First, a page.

EU e-Privacy Directive

This website uses cookies to manage authentication, navigation, and other functions. By using our website, you agree that we can place these types of cookies on your device.

View e-Privacy Directive Documents

View GDPR Documents

You have declined cookies. This decision can be reversed.

SDR Box Software Diagram

Virtual audio devices setup

Although it is possible to stream audio from/to Raspberry Pi's audio port, I wanted to separate the QO-100 audio from all the other "normal" audio in order to avoid inadvertently transmitting system system notifications or such like. 

Nowadays, for every popular OS there is a "virtual sound card" kind of software (such as Virtual Audio Cable for Windows or Loopback on macOS).

For Linux, no additional software is required (other than PulseAudio, which in Raspberry Pi OS comes installed as a default) and this is a simple matter of loading the right modules in PulseAudio.

Add the following to your /etc/pulse/default.pa:

load-module module-null-sink sink_name=qo-100-tx
load-module module-null-sink sink_name=qo-100-rx

And restart pulseaudio:

$ sudo killall pulseaudio

Because GNU Radio supports only ALSA devices, you will also need to create the ~/.asoundrc file with the following content:

pcm.qo-100-rx {
    type pulse
    device qo-100-rx

ctl.qo-100-rx {
    type pulse
    device qo-100-rx

pcm.qo-100-tx-monitor {
    type pulse
    device qo-100-tx.monitor

ctl.qo-100-tx-monitor {
    type pulse
    device qo-100-tx.monitor

Audio streaming


CPU overclocking


Disable WiFi


GNU Radio installation



Continue reading in Part 4 >> 

Have you ever thought about running your own DX cluster node? I must admit for a long time I didn't use to think I needed it until recently when, in order to speed up [NKCCluster](https://www.chonky.net/nkccluster) development, it became apparent to me that a DX cluster node I could easily deploy in a CI environment would considerably speed up my development process. Although [DX Spider Installation](http://www.dxcluster.org/main/installation_en.html) is well documented, I wanted something that I could "fire & forget" and spin up a running DX cluster node in seconds. It seemed to me that a Docker image would be a very convenient way to achieve this. After some googling, I couldn't find anything on the Internet, although on GitHub there exist several repositories whose contents suggest others had similar idea (unfortunately, with no tangible results). I thus decided to develop the DX Spider Docker image myself. Although it is still in its early stage, it is already functional enough to bring up a working DX Spider node in seconds. Its source code is in GitHub repository [kconkas/dxspider-deployment](https://github.com/kconkas/dxspider-deployment) and the image itself is available in identically named [DockerHub repository](https://hub.docker.com/r/kconkas/dxspider/). Give it a try and see if you like it. GitHub pull requests and bug reports are very welcome. **Note:** this image will only get you a running DX Spider node, but will not link it with any other nodes. If you'd like to link it with another node, you will need to agree this with an owner of another active node and configure your connect file for it. You can find more details about it on the [DX Spider Wiki](http://wiki.dxcluster.org/index.php/Configuration#Connection_scripts). ### Credits Huge thanks to Dirk Koopman (G1TLH), the author of [DX Spider](http://www.dxcluster.org/main/), for this invaluable piece of software.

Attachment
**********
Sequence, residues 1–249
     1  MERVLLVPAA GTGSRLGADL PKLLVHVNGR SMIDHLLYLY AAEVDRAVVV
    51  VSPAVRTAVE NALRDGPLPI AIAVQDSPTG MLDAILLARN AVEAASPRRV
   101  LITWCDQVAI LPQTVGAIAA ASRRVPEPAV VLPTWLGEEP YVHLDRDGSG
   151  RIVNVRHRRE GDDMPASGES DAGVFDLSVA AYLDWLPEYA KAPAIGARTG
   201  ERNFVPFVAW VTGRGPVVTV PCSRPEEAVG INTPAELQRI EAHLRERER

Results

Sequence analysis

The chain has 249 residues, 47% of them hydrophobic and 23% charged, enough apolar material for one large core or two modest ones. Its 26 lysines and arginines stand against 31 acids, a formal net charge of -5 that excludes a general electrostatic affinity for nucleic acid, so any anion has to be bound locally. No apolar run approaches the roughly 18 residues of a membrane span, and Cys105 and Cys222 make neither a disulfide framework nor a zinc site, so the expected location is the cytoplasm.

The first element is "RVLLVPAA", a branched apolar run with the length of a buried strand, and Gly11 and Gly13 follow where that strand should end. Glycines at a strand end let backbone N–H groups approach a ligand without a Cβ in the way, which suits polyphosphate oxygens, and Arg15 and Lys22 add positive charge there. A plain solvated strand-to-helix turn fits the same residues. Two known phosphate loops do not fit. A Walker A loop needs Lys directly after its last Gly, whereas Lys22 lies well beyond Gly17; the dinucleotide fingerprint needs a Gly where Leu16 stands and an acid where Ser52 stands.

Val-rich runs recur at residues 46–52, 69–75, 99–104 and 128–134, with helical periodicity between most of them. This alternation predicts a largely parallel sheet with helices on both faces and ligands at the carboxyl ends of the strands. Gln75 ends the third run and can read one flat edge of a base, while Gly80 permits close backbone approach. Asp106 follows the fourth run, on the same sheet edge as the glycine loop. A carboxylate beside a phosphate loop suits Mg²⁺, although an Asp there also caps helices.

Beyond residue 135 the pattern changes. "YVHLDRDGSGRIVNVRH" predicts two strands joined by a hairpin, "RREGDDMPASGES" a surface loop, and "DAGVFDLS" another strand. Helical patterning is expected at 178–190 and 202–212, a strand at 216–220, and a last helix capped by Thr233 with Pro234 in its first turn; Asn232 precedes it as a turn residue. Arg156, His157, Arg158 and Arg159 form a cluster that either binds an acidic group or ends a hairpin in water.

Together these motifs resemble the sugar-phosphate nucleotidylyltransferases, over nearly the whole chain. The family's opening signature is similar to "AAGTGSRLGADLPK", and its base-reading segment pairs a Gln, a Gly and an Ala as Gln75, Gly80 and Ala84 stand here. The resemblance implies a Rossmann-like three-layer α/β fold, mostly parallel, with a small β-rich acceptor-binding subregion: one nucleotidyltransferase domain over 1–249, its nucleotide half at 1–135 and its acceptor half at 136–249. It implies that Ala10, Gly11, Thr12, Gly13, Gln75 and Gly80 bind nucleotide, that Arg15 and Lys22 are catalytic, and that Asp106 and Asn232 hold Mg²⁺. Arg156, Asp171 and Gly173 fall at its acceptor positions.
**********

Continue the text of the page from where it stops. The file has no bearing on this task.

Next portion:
Excellent signals in IO91 in a pass starting at around 17:40 UTC.


Received using:

  • Yaesu VX-7R
  • QFH antenna

Relatively low pass, from AOS to ~20 deg. elevation for this picture.


  • FT817
  • 3-el Yagi (hand-held)
  • QSSTV on Fedora Linux


After initial delay, ARISS SSTV commemorative event continues being well received across the globe. These picures were recorded on 12th April 2016 at about 20:15 UTC in IO91:



Note this pass wasn't very favourable for my location, at its highest elevation (and, conversely, the strongest signal) a 3 minute off period (when no signal is transmitted from the ISS in order to allow the gear to cool off) kicked in. Therefore in this pass I could only record the end of one image and this one in which the signal slowly drifted into white noise as the ISS was reaching my radio-horizon. Still, I'm pretty pleased with this picture.

Received using:

  • Yaesu FT-857D
  • Fedora linux, Gpredict and remote hamlib for radio control (Doppler)
  • Raspberry Pi + Raspbian attached to radio for hamlib remote control and for audio capture
  • QSSTV (learn how)